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Council expect increase in pyrite scheme applications following review


‘WE WANT THE BEST POSSIBLE OUTCOME’ Kevin Kelly, Chief Executive, MCC.

Special council meeting discusses pyrite crisis in Mayo

Anton McNulty

THE Chief Executive of Mayo County Council believes the local authority will require additional resources to process applications if there are improvements to the Defective Concrete Blocks Scheme.
The report of the Working Group on the Defective Concrete Blocks Scheme is currently before the Minister for Housing for consideration with calls for the introduction of a 100 percent redress scheme for all affected homeowners.
A special meeting of Mayo County Council was called yesterday (Monday) to discuss the pyrite crisis with many councillors calling for a 100 percent redress scheme, as well as more support for affected families. A number stated they will travel to Dublin to support the affected homeowners at a national demonstration this Friday.
At present there are 110 applications to the current scheme in Mayo but the meeting was informed that many homeowners are waiting to see if there will be an improved scheme before making an application.
Chief Executive of Mayo County Council, Kevin Kelly told the meeting that if there is an improvement to the scheme the council will need much more resources to administer the scheme.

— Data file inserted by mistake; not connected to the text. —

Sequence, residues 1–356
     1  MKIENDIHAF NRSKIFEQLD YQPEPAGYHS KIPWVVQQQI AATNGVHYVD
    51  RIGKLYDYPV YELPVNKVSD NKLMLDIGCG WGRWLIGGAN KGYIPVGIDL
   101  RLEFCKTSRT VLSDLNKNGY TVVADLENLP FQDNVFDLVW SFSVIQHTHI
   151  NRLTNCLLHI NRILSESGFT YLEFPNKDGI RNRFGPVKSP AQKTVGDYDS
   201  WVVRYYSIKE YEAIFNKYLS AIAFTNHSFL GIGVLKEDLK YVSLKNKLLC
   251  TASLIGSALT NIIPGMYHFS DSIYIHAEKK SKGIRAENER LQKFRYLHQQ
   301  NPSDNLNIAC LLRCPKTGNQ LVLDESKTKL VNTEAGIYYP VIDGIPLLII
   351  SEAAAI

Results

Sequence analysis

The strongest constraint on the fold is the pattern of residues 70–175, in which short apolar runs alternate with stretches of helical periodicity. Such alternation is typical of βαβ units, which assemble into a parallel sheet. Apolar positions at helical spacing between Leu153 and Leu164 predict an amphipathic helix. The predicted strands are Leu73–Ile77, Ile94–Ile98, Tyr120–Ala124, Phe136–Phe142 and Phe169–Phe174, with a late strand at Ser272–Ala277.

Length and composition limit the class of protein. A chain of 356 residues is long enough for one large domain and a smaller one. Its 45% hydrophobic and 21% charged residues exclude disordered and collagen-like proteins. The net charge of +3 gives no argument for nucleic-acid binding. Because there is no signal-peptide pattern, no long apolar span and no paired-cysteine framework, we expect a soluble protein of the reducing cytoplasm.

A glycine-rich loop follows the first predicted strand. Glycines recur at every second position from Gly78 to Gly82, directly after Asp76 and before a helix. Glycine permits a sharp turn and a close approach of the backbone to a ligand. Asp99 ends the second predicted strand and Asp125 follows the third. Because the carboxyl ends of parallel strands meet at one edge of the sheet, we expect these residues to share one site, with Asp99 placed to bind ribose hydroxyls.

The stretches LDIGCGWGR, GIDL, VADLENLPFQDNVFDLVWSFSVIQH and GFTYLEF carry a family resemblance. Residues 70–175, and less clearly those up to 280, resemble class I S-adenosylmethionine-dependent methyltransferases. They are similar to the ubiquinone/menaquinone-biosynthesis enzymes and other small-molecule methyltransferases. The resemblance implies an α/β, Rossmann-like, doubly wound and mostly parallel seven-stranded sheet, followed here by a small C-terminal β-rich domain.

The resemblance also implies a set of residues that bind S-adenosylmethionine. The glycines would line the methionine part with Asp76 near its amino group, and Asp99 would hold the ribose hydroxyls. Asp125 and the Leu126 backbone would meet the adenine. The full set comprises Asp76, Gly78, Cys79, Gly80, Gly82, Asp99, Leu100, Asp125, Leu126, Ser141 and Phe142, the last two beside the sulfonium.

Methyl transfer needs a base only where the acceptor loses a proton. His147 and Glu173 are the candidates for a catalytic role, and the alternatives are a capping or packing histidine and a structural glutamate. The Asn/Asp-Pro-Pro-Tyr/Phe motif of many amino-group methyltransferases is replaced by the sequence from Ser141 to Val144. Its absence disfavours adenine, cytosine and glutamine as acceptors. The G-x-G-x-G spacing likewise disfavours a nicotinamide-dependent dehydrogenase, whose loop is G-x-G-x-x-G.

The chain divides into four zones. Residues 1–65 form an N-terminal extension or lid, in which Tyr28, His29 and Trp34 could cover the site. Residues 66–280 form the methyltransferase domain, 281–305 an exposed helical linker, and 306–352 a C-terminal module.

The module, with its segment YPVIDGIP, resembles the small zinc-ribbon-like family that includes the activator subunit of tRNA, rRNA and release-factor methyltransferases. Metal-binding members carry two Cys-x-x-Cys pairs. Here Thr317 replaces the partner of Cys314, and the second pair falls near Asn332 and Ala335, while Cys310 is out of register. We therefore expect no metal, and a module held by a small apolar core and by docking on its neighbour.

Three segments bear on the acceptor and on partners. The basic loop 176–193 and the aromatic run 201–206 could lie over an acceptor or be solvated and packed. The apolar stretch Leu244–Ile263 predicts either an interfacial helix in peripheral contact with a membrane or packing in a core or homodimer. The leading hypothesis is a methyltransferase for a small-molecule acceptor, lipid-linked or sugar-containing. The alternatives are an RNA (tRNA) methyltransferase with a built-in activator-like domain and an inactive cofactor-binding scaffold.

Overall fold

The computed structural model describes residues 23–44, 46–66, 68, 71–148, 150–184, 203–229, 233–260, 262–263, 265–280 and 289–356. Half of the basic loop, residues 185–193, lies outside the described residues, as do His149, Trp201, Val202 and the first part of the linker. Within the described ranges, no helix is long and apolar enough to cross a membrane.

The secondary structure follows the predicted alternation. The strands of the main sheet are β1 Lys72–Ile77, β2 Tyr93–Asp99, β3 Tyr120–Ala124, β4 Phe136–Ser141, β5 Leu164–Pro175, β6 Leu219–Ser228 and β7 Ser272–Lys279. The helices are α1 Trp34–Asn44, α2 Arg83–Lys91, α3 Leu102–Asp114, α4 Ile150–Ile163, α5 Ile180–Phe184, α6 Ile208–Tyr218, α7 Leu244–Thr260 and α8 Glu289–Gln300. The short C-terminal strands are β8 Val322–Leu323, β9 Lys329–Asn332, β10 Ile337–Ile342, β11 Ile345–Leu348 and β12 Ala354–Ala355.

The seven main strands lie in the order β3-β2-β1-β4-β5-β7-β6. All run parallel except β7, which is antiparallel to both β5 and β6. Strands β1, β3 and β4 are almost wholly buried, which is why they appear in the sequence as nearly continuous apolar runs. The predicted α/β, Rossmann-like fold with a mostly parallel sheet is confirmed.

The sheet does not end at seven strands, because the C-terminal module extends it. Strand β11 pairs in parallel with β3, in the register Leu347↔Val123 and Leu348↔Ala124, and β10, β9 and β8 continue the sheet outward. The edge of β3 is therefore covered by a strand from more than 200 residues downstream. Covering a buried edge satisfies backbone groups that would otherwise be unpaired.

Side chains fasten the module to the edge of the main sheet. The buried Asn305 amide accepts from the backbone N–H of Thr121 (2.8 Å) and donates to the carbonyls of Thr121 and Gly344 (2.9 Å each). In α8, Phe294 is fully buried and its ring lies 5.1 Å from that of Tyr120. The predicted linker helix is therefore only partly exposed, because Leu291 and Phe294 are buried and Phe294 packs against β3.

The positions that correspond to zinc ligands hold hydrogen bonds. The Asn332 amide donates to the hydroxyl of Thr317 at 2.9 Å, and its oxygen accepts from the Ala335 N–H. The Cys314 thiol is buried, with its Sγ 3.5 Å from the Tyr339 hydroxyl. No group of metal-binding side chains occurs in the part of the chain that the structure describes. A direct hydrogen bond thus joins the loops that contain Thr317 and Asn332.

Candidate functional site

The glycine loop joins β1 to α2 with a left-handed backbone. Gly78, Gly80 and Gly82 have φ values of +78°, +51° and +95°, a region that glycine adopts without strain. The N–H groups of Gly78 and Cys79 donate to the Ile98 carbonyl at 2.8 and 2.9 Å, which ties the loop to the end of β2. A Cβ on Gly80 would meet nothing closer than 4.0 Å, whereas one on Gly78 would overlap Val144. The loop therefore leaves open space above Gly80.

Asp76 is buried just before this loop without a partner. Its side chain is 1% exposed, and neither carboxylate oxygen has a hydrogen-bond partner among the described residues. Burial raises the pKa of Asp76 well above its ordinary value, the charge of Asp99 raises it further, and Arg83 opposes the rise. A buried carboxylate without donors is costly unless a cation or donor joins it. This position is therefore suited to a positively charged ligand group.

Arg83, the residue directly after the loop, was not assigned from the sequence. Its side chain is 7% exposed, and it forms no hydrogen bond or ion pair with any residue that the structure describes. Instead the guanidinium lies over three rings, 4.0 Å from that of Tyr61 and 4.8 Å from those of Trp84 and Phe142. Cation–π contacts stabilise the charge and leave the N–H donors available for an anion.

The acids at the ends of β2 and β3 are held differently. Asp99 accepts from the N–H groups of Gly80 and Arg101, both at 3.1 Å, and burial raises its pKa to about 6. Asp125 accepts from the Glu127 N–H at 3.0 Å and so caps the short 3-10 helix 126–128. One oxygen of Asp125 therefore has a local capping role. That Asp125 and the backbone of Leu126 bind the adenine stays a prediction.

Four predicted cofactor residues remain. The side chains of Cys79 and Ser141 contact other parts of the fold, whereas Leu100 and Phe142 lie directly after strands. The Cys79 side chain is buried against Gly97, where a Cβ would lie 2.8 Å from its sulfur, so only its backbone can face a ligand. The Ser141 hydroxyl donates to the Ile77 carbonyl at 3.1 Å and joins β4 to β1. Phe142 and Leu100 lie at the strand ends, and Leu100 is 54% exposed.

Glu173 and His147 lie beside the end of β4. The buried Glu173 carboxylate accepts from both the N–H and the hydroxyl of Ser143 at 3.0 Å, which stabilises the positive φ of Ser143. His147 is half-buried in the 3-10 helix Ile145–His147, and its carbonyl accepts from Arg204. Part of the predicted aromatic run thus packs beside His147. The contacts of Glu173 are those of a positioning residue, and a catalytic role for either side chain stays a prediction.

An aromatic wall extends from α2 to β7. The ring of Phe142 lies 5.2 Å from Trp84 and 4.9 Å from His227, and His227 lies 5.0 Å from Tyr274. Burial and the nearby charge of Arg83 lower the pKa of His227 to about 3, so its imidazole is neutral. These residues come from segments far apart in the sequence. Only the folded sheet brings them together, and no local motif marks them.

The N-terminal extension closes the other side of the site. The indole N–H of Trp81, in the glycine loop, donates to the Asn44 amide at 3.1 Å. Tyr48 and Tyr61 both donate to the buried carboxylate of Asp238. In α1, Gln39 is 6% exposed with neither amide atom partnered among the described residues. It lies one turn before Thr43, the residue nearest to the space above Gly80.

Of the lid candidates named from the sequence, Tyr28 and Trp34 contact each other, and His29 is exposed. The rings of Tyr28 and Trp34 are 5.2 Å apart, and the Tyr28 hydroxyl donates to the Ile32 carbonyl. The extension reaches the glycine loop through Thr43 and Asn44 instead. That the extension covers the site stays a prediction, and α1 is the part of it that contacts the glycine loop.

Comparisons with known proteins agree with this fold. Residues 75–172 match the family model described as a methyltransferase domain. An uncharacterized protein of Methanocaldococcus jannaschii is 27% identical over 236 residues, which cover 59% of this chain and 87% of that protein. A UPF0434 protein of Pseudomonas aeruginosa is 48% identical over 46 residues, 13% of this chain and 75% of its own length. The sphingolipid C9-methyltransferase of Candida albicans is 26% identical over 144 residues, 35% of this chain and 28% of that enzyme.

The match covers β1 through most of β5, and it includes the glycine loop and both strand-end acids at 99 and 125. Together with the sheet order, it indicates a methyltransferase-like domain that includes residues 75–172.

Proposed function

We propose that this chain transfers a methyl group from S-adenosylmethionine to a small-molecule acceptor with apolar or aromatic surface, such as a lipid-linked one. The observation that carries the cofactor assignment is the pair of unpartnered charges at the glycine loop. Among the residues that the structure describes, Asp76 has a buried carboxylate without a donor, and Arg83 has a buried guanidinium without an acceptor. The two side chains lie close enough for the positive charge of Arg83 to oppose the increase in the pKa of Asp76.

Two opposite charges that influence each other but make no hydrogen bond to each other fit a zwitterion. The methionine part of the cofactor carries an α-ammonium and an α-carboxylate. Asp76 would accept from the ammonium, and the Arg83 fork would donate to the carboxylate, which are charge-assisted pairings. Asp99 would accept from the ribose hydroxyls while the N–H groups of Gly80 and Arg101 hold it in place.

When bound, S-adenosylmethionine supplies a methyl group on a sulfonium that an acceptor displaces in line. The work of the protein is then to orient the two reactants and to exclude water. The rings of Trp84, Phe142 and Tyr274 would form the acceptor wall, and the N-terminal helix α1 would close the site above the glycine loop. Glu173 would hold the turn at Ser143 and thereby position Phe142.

“We will have to implement whatever is decided by government but if the scheme is modified there will more than likely be an significant increase in the number of applications. If dealing with the applications remains within local government it will require additional resources and we will seek the resources to ensure we deal with the applications as quickly as possible,” he said.
Earlier this year, Mayo County Council were criticised for refusing up to 20 homeowners who applied for the scheme and it emerged last week that the 19 homeowners who appealed  were granted entry to the scheme.

Director of Services Tom Gilligan defended the council’s original decision but accepted the ruling of the appeal board. He added that they appreciate the trauma homeowners affected by pyrite go through and they will show compassion to applicants.
“I can’t imagine a situation being any more stressful dealing with a situation like this. To see what is happening to their homes in front of their eyes is without doubt one of the most difficult thing to deal with. We are very understanding and we are working with homeowners to find a solution,” he said.
Mr Kelly reiterated that the council wanted to implement the scheme.
“We were given a scheme from a national level and we had to implement. We share with the members the desire for the best possible outcome for the affected residents and the simplest and straight forward scheme to be implemented to ensure the trauma is less than possible,” he said.
Foxford councillor Neil Cruise, who requested the meeting to discuss the crisis, made a number of recommendations which he wants forwarded to the Minister. He feels these will help affected homeowners. As well as a 100 percent redress scheme, he said that applicants should not have to apply for planning permission for a rebuilt home, be exempt on VAT payment on materials and avail of SEAI grants for the rebuild. He also suggested that a grant for €50,000 should be available to upgrade vacant housing to increase the number of rental accommodation available.
Erris based councillor Gerry Coyle paid tribute to the families who first highlighted the problem in Erris saying they were ‘cold shouldered’ when they first raised the complaints. He was also critical of the quarry who supplied the defective blocks and the insurance companies and banks who ‘ran a mile’ from the problem.